The next questions were, what would I do to continue to be active and what are the resources for an active individual who is visually impaired? After weeks of research, dialogue, and a tour at the BOSMA facility, I only came up with one real current outlet: Beep Ball.* This amazing sport allows for a bit of physical activity and sportsmanship and gives players an opportunity to sprint in one of two directions to tackle a pylon to score points. As I researched this game, I kept thinking, Man there are some freakin’ crazy Beep Ballers out there! I knew then that the camaraderie and support of the Parkour community could provide another outlet for the visually impaired community to dangle their feet over the edge and feel that sense of adrenaline of pure movement that so many of us love and live for. So I began running test classes made up of half visually impaired students and half students without visual challenges. We worked on direction and communication and started to bridge the gap between seeing Parkour and hearing Parkour, from regularly navigating jumps 10 feet in the air to not having any comprehension of height or space and therefore having a completely different feeling inside. It’s hard to imagine what the definition of “high” is if you don’t have the perception for seeing it. The classes helped us grow in ways we could not have known without being allowed access to the BOSMA community. So, long story still long but condensed a little J: Nick Leon, Tammy, and myself launched the first Visually Impaired Parkour / Art du Deplacement Program in 2015 with a handful of amazing people from BOSMA.
Introducing the BOSMA and B.A.S.E. Fitness Parkour VIPK athletes:
My name is Adam Rodenbeck, and I am thirty-two. My vision loss is caused by a genetic condition called Leber Congenital Amaurosis. This condition primarily affects the retina and generally is diagnosed at an early age. I attended the Indiana School for the Blind, which is where I had my first exposure to athletics. Although I have always had trouble seeing, I have never allowed it to stop me from doing anything I put my mind toward.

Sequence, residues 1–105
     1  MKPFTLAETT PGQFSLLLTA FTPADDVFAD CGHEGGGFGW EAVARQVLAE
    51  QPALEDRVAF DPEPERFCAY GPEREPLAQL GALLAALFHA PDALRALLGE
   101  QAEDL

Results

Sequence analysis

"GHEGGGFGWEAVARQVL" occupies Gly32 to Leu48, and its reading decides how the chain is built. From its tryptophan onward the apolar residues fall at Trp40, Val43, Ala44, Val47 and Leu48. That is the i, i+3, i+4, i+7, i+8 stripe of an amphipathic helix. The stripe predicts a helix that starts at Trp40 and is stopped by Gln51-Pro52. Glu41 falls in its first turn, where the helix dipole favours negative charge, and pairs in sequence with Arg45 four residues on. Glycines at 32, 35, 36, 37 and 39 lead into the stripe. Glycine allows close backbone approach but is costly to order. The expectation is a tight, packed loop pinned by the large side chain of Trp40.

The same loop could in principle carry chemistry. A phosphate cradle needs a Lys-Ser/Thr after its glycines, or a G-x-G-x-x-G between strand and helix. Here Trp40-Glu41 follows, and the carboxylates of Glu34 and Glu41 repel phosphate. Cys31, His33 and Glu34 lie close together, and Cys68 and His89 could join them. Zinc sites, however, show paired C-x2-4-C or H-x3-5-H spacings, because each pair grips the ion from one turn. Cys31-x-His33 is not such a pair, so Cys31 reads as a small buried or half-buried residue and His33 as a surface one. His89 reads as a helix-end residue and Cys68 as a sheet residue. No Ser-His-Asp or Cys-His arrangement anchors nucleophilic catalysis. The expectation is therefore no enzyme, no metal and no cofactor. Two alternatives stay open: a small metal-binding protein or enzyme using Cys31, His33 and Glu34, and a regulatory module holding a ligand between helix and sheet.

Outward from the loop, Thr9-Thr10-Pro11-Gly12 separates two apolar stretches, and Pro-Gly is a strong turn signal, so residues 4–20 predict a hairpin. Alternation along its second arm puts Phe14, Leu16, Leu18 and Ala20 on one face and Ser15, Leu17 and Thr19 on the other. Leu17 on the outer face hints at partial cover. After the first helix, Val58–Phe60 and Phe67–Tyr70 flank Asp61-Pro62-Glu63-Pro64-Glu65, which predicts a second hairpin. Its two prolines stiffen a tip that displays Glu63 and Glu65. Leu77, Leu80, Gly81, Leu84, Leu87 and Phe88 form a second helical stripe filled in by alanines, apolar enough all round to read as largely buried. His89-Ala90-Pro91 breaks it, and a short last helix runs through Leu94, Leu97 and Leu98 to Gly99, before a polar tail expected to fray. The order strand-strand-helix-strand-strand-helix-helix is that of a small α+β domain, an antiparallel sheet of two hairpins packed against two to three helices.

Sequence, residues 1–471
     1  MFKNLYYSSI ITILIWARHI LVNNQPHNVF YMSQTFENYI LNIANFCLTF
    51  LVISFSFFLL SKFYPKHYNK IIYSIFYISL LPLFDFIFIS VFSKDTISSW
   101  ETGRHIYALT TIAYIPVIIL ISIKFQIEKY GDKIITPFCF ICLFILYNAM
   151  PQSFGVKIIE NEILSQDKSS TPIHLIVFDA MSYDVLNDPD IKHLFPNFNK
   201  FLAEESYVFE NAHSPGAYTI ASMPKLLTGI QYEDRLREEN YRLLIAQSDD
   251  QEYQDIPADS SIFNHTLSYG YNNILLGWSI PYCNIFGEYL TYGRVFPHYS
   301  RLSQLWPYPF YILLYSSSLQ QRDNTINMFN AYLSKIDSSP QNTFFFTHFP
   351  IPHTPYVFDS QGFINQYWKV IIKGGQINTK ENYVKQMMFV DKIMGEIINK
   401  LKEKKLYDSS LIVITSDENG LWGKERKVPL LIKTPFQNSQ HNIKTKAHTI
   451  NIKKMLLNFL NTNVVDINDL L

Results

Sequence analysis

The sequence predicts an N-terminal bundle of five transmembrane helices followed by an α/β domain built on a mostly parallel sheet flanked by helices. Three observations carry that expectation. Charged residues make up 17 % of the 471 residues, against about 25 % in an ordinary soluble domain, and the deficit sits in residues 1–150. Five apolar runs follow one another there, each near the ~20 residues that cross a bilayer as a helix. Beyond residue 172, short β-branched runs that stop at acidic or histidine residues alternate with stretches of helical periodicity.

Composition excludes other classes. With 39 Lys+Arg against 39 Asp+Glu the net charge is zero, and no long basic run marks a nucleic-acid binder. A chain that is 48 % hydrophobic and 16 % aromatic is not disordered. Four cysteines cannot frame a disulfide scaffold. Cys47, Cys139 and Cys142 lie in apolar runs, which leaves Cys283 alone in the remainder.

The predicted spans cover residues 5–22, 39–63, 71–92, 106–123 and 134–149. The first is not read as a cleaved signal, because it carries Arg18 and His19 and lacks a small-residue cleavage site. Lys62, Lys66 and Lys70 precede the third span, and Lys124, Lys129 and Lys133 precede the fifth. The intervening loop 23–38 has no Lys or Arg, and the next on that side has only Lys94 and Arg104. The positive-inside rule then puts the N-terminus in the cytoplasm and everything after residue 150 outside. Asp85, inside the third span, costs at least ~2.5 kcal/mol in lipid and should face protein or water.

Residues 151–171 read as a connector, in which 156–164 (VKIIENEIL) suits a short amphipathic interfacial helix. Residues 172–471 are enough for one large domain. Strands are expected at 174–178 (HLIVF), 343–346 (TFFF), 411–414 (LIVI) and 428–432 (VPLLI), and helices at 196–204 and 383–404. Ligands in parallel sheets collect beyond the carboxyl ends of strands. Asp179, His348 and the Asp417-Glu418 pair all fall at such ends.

While attending the Indiana School for the Blind I developed a healthy love of sports. I began wrestling at 5 and turned this into my sport of choice. By 2nd grade I also began swimming and running track. While these sports were fun, they were never really my passion. They served to keep me in shape during the off season of wrestling.
After graduation I found it much more difficult to play on sports teams. I attended college, but never had an interest in competing at that level. In 2004 a friend invited me to come try Beep Baseball. The sport immediately resonated with me, and I became an addict. Finally I found something I could play as an adult. I have now been to 11 national tournaments, and last year our team finished 2nd.
Beep Baseball has replaced wrestling for me and likewise has encouraged me to find other sports to keep up my conditioning during the off season. In 2011 I began distance running. I have competed in 4 half marathons as well as a full marathon. Running is a great stress relief for me, but it does not hold the same interest as playing Beep Ball.
Recently I was asked to participate in a pilot program to give people who are blind exposure to Parkour. As I have never let my vision stop me from doing anything and I love athletics, I decided to give it a try. I had heard of Parkour from a co-worker, and understood it to involve a lot of jumping from place to place. I figured there would be a lot of training before we would get to that level, so why not give it a try? We did learn many of the very basics of the sport, and began trying our hand at a few of the Parkour style moves.